JpGU-AGU Joint Meeting 2017

Presentation information

[EJ] Poster

P (Space and Planetary Sciences) » P-PS Planetary Sciences

[P-PS04] [EJ] New developments of planetary sciences with ALMA

Wed. May 24, 2017 3:30 PM - 5:00 PM Poster Hall (International Exhibition Hall HALL7)

convener:Munetake Momose(The College of Science, Ibaraki University), Hiroshi Kobayashi(Department of Physics, Nagoya University), Masumi Shimojo(National Astronomical Observatory of Japan), Hideko Nomura(Department of Earth and Planetary Sciences, Tokyo Institute of Technology)

[PPS04-P13] Venus mesospheric dynamics inferred from the Doppler-shift measurements of submm CO lines

*Hideo Sagawa1, Hiroyuki Maezawa2, Kazuya Saigo3, Masahiro Takagi1 (1.Faculty of Science, Kyoto Sangyo University, 2.Department of Physical Science, Osaka Prefecture University, 3.Chile Observatory, National Astronomical Observatory of Japan)

Keywords:Venus, Planetary Atmosphere, ALMA

Venus atmosphere is often divided into three regions, particularly from the view point of different mechanisms in the atmospheric dynamics: namely, super-rotating (retrograding zonal flow, RZ) lower atmosphere (from surface to 60 - 70 km in altitude), middle atmosphere (~70 - 110 km), and upper atmosphere where the atmosphere is considered to circulate between day and night hemispheres (Sub-Solar-to-Anti-Solar flow, SSAS) due to the strong thermal gradient (above ~110 km). The middle atmosphere is known as a transition region between the lower and upper atmosphere, and is the subject for this study.
The dynamics of the Venusian middle atmosphere has been investigated through several observational techniques (Lellouch et al., 1997). One is the application of thermal wind equation (cyclostrophic approximation) to the thermal structure obtained by infrared spectrometers (e.g., Piccialli et al., 2008). This method always postulates the validity of the cyclostrophic approximation, which becomes less appropriate at the equatorial region, and also on the assumption of the boundary conditions. Another approach is the Doppler-shift measurement of CO absorption line at the millimeter and submillimeter wavelength using a high frequency resolution (resolving power of ~107) heterodyne instrument, which gives us the line-of-sight velocity of wind (hereafter denoted as Doppler-wind) at 95-110 km. Both the single-dish telescopes and interferometers have been used for this purpose (e.g., Lellouch, et al. 2008; Clancy, et al. 2012; Moullet, et al. 2013). Most of the early observations of Doppler-wind made an attempt to describe the mesospheric dynamics by a combination of the circulation patterns of SSAS and RZ. Recent interferometric observations enabled us to spatially-resolve Venus disk, and these new results showed that the observed Doppler-wind map cannot be sufficiently explained by a simple combination of SSAS and RZ flows.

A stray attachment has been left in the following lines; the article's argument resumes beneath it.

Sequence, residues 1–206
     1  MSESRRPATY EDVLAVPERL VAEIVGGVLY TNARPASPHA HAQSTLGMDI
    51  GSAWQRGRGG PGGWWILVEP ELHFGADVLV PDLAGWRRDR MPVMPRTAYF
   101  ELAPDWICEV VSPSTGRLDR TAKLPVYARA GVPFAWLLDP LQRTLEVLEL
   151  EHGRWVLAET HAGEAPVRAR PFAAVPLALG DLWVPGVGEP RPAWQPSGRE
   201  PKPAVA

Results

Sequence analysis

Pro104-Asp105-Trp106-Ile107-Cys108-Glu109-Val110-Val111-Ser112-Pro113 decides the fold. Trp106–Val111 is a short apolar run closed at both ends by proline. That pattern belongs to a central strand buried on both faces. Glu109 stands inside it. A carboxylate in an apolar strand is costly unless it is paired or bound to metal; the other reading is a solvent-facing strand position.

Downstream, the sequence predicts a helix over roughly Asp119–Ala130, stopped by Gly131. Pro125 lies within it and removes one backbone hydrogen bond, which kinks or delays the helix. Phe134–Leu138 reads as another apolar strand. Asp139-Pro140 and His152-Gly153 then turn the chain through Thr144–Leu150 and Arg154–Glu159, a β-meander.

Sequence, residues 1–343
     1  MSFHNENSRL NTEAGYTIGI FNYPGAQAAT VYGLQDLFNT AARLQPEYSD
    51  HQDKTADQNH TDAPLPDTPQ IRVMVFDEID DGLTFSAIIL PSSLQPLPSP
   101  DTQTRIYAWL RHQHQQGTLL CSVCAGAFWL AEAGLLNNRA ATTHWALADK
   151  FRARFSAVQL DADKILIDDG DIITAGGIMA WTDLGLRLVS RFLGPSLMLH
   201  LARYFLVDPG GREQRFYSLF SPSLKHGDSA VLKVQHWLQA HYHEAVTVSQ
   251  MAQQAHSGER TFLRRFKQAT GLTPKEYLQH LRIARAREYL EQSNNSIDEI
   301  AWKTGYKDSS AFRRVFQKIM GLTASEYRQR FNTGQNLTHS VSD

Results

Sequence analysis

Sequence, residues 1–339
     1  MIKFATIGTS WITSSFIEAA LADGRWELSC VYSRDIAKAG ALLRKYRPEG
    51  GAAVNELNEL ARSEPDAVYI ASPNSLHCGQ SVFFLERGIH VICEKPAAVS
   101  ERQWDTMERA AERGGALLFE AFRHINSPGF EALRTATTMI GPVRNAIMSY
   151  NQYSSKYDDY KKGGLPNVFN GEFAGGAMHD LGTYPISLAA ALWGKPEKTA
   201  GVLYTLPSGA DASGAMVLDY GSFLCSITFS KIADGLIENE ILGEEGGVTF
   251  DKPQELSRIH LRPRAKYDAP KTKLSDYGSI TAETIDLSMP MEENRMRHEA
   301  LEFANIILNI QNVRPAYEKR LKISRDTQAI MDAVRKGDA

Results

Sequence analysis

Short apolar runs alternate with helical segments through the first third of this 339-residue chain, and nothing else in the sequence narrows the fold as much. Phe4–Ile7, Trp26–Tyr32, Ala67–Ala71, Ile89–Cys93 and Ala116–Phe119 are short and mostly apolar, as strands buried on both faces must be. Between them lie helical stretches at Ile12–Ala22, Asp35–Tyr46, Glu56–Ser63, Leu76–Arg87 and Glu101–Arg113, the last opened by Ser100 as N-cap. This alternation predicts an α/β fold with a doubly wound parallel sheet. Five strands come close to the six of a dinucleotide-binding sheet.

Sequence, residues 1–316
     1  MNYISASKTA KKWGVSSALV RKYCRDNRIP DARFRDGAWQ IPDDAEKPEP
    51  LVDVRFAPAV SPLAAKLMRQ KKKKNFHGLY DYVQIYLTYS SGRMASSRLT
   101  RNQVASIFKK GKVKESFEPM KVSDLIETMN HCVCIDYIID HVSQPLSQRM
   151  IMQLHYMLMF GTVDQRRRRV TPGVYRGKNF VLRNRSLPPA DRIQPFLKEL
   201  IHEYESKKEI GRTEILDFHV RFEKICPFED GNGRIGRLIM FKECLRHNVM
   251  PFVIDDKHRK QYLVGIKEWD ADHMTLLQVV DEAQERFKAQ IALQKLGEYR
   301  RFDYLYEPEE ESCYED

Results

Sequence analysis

In this study, we compare the previously reported Doppler-wind maps, including the one obtained using ALMA, with outputs of a Venus-atmospheric general circulation model developed by Hoshino et al. (2013). This model includes the momentum transport by gravity waves, and has already shown the qualitative representation of one of the previously measured Doppler-wind maps. We will advance the comparison for all the available Doppler-wind measurements under various solar-phase angles, and discuss possible new description of the mesospheric dynamics in Venus.